Parties can wait. Listen to guidelines to protect those around you


Issue: Many students are downplaying the significance of the coronavirus pandemic by hosting large gatherings. At the same time, fearfully stocking up on supplies is not an appropriate reaction to this public health crisis. 

Stance: Both responses, acting like nothing is wrong and acting like the world is ending, are completely nonsensical.

It’s spring time now. On campus the cherry trees are blooming and gusts of wind blow the white petals across walkways. Students lounge in hammocks by DSU, walk their dogs of all shapes and sizes and the bells at Cherry Hall continue to ring. Everything seems fine, and for most students at WKU, everything will continue to be fine. 

But us young people often forget about others. It is in our nature to be self-centered. A certain selfishness is required to function as an independent adult. To truly become an adult though, one must put the needs of others before themselves. 

There are plenty of news stories about young people getting sick, but let’s face it, the coronavirus is not a serious threat to our generation. The data is very clear on that. In Italy, where coronavirus struck hard, no one under 30 died. Only 1.2% of the cases were people 18 or younger. Of those, and of all the cases in general, most were mild symptoms. 

This doesn’t mean the young are immune to coronavirus — a 12 year old in Atlanta was hospitalized and on a ventilator, and is now recovering — but it does mean we are responsible to keep others who are more at risk from being infected. 

One way to do this is to refrain from holding large gatherings. The situation is still fairly mild in Warren County, where there have been 17 cases and no deaths as of March 30. However, this virus has an incredibly high transmission rate and can spread exponentially, so it is better to exercise caution. The CDC recommends communities cancel all events greater than 250 people. And for at-risk populations, it recommends no gatherings of more than 10 people. 

Consider this: you throw a house party and someone who has no symptoms shows up and infects everyone else. Then those people return to their respective homes, go to stores or in the worst case scenario go and visit their grandparents. Now the virus spreads to all the places the infected go and results in the death of someone’s grandma.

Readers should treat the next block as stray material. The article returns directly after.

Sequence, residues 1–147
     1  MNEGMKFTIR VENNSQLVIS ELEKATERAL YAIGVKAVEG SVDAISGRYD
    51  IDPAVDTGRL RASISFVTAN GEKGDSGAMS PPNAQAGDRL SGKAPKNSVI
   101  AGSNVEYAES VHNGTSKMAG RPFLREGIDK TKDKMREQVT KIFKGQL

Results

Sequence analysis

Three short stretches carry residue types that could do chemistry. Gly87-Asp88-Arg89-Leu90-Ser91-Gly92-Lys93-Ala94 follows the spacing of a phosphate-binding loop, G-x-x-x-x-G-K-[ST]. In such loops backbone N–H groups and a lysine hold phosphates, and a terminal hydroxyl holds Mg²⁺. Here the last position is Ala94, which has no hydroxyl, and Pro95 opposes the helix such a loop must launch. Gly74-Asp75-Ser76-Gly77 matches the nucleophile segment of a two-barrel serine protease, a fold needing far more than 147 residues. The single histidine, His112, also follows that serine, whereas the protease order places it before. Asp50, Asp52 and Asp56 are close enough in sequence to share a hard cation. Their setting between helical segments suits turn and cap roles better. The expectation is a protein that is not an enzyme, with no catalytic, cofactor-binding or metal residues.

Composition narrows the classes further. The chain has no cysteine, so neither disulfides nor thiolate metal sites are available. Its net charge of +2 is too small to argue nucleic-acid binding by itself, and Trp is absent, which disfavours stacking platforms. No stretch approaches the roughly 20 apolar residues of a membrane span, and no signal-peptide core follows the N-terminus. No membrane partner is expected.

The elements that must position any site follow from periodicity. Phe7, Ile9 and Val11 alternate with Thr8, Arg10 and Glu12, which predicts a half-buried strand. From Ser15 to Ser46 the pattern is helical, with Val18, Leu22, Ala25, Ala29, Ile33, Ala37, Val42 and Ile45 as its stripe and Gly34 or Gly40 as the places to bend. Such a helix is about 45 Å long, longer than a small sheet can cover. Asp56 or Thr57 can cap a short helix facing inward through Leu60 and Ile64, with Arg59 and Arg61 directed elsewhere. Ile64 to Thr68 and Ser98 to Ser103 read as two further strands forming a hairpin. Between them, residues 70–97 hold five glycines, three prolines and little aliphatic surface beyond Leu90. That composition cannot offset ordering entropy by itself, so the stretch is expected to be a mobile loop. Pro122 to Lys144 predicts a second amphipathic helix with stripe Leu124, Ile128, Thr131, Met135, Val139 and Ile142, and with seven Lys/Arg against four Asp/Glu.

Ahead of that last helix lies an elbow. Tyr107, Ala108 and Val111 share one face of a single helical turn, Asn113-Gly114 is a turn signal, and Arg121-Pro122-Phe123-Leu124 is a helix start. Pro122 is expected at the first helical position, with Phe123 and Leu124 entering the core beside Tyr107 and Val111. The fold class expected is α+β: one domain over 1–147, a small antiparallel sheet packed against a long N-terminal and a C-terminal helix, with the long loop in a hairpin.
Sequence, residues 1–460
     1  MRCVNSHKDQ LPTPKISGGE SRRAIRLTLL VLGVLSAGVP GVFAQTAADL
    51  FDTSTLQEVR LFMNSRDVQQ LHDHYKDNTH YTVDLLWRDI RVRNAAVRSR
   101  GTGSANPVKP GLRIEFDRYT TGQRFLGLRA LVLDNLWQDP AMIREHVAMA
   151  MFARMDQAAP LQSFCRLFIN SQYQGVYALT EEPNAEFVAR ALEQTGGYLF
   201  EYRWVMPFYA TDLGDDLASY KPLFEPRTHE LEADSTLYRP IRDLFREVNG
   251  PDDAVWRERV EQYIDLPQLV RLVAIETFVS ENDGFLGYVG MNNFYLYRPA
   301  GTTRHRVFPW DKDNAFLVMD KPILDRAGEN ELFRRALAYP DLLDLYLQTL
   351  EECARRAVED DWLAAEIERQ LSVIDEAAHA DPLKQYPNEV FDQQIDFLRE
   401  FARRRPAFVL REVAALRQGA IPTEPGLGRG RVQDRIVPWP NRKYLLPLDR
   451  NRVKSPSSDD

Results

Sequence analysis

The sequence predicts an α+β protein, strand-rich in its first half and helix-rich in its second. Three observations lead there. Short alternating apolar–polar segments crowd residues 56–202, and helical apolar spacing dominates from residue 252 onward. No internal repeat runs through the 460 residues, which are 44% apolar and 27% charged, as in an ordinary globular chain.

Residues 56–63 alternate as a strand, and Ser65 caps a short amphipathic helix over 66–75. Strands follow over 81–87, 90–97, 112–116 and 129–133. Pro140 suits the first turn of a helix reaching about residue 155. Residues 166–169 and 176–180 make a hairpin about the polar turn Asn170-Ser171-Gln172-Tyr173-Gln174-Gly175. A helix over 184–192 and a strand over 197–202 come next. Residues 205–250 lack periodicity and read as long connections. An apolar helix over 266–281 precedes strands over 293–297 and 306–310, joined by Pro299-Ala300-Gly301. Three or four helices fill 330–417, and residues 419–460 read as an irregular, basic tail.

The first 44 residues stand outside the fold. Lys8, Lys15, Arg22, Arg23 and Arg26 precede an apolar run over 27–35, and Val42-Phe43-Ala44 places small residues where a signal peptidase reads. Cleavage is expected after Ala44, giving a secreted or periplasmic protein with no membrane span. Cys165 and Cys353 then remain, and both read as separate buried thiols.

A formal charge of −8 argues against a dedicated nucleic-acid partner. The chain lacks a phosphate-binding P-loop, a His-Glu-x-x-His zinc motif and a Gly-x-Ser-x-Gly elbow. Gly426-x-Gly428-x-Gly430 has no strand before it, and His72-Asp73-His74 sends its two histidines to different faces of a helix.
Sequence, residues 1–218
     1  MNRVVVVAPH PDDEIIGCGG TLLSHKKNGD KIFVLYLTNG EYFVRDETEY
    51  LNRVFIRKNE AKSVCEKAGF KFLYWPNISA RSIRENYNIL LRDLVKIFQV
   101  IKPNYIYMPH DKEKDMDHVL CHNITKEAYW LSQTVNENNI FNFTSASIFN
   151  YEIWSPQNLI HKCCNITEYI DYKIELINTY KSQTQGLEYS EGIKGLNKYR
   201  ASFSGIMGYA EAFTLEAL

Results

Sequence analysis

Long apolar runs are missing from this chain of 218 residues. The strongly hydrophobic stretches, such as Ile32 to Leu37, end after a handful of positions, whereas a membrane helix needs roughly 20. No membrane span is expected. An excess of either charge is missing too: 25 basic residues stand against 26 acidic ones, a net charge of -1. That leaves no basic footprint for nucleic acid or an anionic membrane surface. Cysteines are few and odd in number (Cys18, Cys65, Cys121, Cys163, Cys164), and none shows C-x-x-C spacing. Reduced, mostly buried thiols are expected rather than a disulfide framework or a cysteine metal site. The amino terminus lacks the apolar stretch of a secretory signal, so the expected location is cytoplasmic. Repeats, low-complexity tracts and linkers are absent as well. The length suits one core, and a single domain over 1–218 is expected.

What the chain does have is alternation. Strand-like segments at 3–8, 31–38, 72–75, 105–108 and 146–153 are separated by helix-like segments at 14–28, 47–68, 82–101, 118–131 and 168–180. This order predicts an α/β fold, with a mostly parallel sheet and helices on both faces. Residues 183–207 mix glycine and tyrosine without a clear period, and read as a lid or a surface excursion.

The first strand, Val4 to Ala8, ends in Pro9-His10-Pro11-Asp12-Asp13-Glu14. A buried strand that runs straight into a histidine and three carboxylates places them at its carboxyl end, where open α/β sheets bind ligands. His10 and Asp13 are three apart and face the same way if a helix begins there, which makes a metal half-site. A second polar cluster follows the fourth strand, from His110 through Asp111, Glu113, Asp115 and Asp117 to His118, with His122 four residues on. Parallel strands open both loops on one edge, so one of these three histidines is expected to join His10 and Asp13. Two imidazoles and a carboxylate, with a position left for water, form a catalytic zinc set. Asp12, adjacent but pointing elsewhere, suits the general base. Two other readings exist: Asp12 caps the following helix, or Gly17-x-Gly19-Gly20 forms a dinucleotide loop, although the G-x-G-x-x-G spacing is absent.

Everyone has seen the video of the belligerent spring breaker saying, “If I get corona, I get corona.” What he failed to account for is the harm he could cause others. 

Last week, Gov. Andy Beshear confirmed the first case of a Kentuckian bringing the virus back from a spring break trip in Florida. This is how a pandemic works. It spreads because of people unwilling to follow simple guidelines laid out by public health officials and scientists. 

According to leading infectious disease expert Dr. Anthony Fauci, the virus could kill 100,000–200,000 Americans and infect millions. 

So, the coronavirus is nothing to downplay. 

On the other hand, some people have taken to completely isolating themselves. Many are afraid and uncertain. The economy is tanking, and people have lost their minds at grocery stores. 

Total isolation can be challenging for students’ mental health, so it might be smart to move in with a small number of close family or friends, so long as they are not a part of the at-risk population like the elderly or those with health conditions (asthma, heart disease, diabetes). 

And the fighting over paper towel rolls and cleaning products is a bad look in a time where we need unity. 

So while the virus is a serious pandemic, it does not call for these fearful reactions. There are a lot of opinions and hot takes out there right now, but the truth is always more complicated. 

Was the economic damage warranted? We won’t know for a while. 

But we do know that small businesses, those working in the service and travel industries and others facing economic difficulties will have an uphill battle to face. 

It is important that we support who we can by eating locally and thanking those endangering themselves: nurses, doctors and other healthcare professionals for their tireless work in these trying times. 

We are living in the chapter of a history textbook right now. When we look back on this time, hopefully we can say we were a part of the solution and not the problem.